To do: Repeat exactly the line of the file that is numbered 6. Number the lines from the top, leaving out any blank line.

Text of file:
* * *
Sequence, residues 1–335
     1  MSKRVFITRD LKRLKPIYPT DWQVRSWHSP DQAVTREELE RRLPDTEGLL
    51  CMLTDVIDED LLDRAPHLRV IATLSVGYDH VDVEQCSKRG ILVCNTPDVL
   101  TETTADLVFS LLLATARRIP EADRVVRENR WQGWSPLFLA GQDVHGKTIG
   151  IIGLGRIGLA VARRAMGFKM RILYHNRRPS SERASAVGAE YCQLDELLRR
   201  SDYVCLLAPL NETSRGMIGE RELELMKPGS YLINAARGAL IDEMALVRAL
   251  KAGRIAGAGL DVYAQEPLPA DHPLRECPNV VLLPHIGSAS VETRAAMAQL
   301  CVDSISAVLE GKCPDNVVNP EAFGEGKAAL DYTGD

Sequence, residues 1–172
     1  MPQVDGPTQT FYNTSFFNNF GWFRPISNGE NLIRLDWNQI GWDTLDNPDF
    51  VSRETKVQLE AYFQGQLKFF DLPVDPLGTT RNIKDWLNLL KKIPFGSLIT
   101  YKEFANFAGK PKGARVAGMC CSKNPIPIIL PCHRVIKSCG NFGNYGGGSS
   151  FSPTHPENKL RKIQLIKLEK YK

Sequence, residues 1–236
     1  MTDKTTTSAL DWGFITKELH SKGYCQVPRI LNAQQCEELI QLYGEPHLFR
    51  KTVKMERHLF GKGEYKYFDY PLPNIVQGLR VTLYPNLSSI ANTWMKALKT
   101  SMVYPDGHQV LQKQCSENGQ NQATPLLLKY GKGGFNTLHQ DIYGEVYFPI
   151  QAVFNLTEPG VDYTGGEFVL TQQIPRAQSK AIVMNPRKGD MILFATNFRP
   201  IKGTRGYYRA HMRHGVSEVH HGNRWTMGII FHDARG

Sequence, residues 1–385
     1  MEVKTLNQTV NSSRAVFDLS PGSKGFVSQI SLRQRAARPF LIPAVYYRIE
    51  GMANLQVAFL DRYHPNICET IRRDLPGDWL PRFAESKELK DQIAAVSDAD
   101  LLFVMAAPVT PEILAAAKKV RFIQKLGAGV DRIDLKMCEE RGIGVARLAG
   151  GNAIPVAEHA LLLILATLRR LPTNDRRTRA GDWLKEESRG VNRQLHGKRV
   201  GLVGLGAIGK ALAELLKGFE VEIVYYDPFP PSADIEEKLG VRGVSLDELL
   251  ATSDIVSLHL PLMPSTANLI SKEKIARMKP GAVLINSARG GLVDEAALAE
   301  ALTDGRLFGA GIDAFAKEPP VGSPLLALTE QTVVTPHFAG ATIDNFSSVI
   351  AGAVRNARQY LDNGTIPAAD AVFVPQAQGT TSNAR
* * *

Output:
   201  SDYVCLLAPL NETSRGMIGE RELELMKPGS YLINAARGAL IDEMALVRAL